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The animal assisted sector provides a range of services that is accessible by the community. Animal Therapies Ltd has constructed easy to follow guidelines to not only keep providers accountable but also to make sure that members of the community are accessing the services that best suit them. Please visit the Animal Therapies Ltd website for more information. 

Dog with a toy

Animal assisted Therapy

is the umbrella term for services directed and/or delivered by a qualified allied health professional with education and specialized expertise within the scope of practice of his/her profession. AAT may be provided in a variety of settings, may be group or individual in nature and may be implemented for persons of any age. There are specific goals for each individual involved and the process is documented and evaluated. This includes animal-assisted occupational therapy, counselling, psychotherapy, psychology, speech therapy, social work and others.

Sheep in Open Fields

Animal Assisted Learning

involves an animal and a facilitator in an ‘experiential’ learning environment to assist an individual or group develop skills, tools and strategies to achieve a predetermined goal. AAL practitioners are trained in their field of expertise to facilitate specific learning outcomes. Can include corporate coaching, leadership, team building, personal development and self management.

Black and White Kitten

Animal Assisted Activities

consists of specialised programs and therapeutic animal visits by a trained handler / animal team to people in workplaces, hospitals, aged care facilities, schools, universities and other institutions to alleviate stress, boost morale, contribute to wellbeing,  provide a distraction for pain management and to provide therapeutic relief. These visits are therapeutic in nature and handlers may be volunteers who do not hold any specific professional qualification. May include; courthouse dog programs, animal-assisted crisis intervention, animal-assisted mental health first aid, horsemanship services, therapeutic horse riding and others.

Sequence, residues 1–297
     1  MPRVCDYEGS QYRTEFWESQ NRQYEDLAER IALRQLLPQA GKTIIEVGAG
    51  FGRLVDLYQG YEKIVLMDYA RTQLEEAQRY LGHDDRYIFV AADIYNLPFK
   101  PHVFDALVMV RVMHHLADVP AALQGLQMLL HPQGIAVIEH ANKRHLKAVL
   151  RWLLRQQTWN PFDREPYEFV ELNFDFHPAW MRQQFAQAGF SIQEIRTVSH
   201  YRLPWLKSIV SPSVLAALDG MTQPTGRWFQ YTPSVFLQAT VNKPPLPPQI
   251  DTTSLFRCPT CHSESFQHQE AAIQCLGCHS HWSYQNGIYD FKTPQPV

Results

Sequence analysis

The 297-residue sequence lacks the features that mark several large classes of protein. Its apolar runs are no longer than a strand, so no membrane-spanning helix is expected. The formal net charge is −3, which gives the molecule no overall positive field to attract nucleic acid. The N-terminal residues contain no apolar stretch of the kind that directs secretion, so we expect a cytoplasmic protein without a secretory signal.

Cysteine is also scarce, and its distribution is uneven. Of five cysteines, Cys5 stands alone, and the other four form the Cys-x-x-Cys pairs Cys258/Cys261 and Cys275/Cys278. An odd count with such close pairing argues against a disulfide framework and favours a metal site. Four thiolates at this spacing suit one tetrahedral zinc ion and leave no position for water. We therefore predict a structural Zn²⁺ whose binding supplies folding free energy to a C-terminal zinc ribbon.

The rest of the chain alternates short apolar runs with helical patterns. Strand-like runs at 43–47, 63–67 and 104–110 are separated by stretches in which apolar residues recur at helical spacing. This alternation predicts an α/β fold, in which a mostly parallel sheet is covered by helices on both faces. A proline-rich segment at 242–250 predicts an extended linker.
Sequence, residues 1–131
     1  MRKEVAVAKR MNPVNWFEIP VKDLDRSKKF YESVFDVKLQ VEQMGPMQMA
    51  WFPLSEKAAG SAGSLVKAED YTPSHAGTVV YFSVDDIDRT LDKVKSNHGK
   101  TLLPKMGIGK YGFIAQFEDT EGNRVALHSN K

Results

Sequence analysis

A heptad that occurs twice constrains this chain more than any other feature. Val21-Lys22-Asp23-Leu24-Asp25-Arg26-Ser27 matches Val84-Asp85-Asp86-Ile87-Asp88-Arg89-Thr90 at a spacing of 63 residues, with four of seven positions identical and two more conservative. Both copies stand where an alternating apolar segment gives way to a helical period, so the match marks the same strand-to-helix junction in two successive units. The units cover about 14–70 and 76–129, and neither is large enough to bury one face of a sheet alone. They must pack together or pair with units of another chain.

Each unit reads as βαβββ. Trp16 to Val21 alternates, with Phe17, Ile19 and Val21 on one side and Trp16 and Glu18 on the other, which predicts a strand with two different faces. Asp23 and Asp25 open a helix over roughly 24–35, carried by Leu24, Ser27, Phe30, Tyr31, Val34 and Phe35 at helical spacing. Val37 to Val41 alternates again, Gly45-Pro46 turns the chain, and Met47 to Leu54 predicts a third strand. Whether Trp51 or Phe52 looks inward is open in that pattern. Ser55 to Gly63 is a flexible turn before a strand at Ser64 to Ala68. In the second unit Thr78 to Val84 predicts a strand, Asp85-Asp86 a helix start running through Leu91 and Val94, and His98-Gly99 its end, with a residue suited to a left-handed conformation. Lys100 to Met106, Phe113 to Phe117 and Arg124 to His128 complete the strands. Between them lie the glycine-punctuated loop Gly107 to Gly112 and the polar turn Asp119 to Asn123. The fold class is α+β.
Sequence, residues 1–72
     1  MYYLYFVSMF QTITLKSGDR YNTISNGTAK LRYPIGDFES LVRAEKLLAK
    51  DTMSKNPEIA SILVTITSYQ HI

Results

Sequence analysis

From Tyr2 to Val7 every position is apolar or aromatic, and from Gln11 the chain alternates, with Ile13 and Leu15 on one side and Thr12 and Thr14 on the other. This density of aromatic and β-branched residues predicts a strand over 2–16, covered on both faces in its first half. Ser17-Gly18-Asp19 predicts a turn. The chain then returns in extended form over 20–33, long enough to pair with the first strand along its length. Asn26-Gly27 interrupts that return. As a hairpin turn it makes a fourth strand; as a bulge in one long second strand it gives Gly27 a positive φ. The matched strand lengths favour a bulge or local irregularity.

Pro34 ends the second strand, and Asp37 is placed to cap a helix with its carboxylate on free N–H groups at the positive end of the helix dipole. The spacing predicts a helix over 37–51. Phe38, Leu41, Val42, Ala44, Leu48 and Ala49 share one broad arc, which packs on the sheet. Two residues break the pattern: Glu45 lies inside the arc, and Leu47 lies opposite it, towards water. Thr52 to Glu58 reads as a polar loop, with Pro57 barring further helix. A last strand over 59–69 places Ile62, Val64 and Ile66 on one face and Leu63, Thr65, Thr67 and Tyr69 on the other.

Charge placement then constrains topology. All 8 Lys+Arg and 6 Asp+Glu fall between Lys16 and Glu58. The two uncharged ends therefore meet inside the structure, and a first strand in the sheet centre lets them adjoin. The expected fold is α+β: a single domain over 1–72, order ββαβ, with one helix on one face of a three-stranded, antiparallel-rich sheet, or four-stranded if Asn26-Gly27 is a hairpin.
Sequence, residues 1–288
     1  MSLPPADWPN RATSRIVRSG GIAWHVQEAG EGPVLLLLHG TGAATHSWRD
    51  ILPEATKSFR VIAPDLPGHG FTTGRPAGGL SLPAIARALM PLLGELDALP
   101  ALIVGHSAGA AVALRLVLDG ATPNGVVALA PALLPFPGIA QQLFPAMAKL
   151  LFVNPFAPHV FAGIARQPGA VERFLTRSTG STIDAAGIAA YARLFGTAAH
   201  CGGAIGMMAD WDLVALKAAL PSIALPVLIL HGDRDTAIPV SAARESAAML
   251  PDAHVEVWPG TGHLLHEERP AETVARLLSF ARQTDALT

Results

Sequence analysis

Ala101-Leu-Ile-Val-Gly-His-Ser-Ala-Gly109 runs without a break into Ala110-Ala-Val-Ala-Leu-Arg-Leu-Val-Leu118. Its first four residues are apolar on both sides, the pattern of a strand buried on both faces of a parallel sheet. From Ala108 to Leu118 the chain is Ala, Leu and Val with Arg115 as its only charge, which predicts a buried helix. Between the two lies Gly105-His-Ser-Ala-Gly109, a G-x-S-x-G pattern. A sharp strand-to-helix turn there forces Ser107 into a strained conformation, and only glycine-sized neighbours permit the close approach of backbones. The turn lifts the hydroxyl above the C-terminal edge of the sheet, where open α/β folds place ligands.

Wild Horses

Assistance animals

The legal definition of an assistance animal as a dog or other animal that:

(a) is accredited under a State or Territory law to assist a person with a disability to alleviate the effects of disability; or

(b) is accredited by an animal training organisation prescribed in the regulations; or

(c) is trained to assist a person with a disability to alleviate the effect of the disability and meets standards of hygiene and behaviour that are appropriate for an animal in a public place.

Assistance animals have a legal right to access public places and are not to be patted or distracted as they are working animals. They support people in accessing various aspects of personal and public life.  They can be trained in tasks to alert their handler of an oncoming medical episode or to assist with everyday tasks. An assistance animal must meet standards of hygiene and behaviour that are appropriate for an animal in a public place. Please do not ask the handler of an assistance animal about their condition.

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